Windows XP on Macintel a Reality
- 2006.03.23 - Tip Jar
When Apple released the first of its Intel-based Macs, there was immediate interest in running Windows on them - not necessarily to replace Mac OS X, but as an additional option, allowing Macintel owners to run software (like Microsoft Access database) that doesn't have Mac equivalents without performance-sapping workarounds like Virtual PC (which isn't available for the new Macs in any event).
There was an initial optimism; it ought to be easy. After all, these Mac models were using the same sort of Intel CPU as all millions of Windows systems. But as I pointed out in my January 24th article, Windows on Intel Macs? OS X on PCs? Don't Hold Your Breath, it was harder than it looked.
The Intel Macs use a new-generation startup called EFI Extensible Firmware Interface) rather than the PC-standard BIOS used on nearly all Windows systems. Windows XP (and earlier versions) has no built-in support for EFI.
In fact, while there was early hope that EFI would be supported in the upcoming Windows Vista operating system, Microsoft recently announced that only 64-bit versions of Vista would have EFI support.
The Intel Macs are 32-bit systems.
As it became clearer that getting Windows to work on the Intel Macs would be a challenge, Houston shipping broker Colin Nederkoorn decided to formalize the challenge. He offered what started off as a $100 reward and solicited donations to up the ante for the first demonstration of Windows running on a new Mac. Eventually nearly US$14,000 was donated to OnMac.net.
There were some conditions: Windows needed to coexist with the Mac OS, the two operating systems must not interfere with one another, and upon boot up, a user would need to be able to choose between the two operating systems.
On March 16th, two Bay Area software developers, Jesus Lopez and Eric Wasserman, won the prize. (Lopez says he never owned a Mac before buying one to work on the challenge).
Details of the steps necessary to create a dual-boot system have been released and are available for download from OnMac.net. They have been open-sourced, allowing the developer community to improve on them.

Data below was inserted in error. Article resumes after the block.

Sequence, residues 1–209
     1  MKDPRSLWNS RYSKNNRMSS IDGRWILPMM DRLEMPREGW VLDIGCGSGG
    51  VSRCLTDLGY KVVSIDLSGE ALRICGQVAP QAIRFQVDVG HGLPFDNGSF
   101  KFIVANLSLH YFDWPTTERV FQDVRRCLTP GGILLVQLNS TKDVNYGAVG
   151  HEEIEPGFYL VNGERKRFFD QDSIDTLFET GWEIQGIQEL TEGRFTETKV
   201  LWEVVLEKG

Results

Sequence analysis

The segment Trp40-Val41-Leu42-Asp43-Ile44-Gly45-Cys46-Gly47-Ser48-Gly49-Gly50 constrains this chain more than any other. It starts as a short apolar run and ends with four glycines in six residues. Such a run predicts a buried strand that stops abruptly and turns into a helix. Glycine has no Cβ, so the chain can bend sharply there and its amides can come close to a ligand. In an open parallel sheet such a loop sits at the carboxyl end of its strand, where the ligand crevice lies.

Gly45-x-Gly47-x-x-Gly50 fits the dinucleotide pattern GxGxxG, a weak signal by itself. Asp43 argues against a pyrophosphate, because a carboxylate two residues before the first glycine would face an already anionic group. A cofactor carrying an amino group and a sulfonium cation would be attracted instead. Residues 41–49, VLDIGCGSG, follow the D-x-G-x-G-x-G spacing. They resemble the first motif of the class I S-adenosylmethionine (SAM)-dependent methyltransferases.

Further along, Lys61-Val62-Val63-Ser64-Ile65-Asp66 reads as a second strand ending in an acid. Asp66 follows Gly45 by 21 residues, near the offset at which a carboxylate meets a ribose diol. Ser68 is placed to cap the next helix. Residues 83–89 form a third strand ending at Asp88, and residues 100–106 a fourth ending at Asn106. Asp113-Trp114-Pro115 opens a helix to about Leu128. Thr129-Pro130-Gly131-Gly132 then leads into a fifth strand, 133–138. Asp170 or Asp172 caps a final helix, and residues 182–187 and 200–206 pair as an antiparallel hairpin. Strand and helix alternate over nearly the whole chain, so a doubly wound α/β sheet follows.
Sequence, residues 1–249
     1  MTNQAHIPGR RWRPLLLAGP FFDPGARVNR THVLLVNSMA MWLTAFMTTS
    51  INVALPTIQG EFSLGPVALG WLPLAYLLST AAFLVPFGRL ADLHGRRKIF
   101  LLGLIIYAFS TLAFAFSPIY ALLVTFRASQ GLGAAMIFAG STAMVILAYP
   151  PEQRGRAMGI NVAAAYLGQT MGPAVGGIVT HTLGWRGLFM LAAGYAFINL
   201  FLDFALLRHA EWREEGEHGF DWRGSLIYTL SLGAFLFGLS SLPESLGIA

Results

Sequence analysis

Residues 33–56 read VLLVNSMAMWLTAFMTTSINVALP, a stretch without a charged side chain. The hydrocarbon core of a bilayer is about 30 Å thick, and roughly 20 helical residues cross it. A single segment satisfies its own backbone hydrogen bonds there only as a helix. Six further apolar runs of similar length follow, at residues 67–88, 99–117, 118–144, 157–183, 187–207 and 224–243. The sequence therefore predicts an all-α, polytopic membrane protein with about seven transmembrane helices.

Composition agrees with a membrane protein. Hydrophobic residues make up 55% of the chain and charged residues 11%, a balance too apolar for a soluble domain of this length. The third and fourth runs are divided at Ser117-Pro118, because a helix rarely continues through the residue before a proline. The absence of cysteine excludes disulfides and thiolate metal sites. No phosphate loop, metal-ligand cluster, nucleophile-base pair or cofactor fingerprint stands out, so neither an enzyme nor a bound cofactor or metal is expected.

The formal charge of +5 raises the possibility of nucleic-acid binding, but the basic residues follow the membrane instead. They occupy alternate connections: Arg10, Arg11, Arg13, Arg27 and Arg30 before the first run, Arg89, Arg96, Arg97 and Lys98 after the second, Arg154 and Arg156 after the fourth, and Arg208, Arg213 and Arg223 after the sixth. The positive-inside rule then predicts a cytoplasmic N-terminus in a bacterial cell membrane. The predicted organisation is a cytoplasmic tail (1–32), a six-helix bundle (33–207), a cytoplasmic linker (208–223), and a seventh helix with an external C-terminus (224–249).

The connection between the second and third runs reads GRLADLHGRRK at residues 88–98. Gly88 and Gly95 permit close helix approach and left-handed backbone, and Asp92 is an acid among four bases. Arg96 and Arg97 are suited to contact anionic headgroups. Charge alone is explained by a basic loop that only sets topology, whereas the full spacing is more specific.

I haven't tested them, but while they appear do-able, they're not for the faint of heart. As a first step, they require setting up separate partitions on the Mac's hard drive for OS X and Windows. Using Disk Utility on the OS X install CD, this would require nuking your current OS X installation and all the hard drive contents. An EFI bootloader is included in the download.
Apparently, when the grey screen with the Apple logo appears at the beginning of startup, this process allows a user to press the down-arrow; that brings up a Windows logo on the grey background. Pressing enter confirms the choice of Windows, and bootup continues to the Windows XP system.
Nederkoorn is hoping that the open-source development will help it evolve into something that's easier to apply for nontechnical computer users.
Alan Zisman is Mac-using teacher and technology writer based in Vancouver, BC, Canada. Many of his articles are available on his website, www.zisman.ca. If you find Alan's articles helpful, please consider making a donation to his tip jar.
Other articles by Alan Zisman
- Upgrading to a Solid State Drive Rejuvenates My 4-Year-Old MacBook, 2012.09.04. Booting the MacBook and launching apps is 4x to 10x as fast with the SSD as with its old 512 GB hard drive.
- Apple's G5 iMac: Wonderful in White, 2012.08.31. The iMac G5 introduced a bold new all-in-one design along with G5 processing power.
- Is There Such a Thing as Ethical Technology?, 2012.08.30. As it has grown, Apple has become a focus for the ethical technology movement, which looks at green energy, labor practices, recyclable and nontoxic materials, and more.
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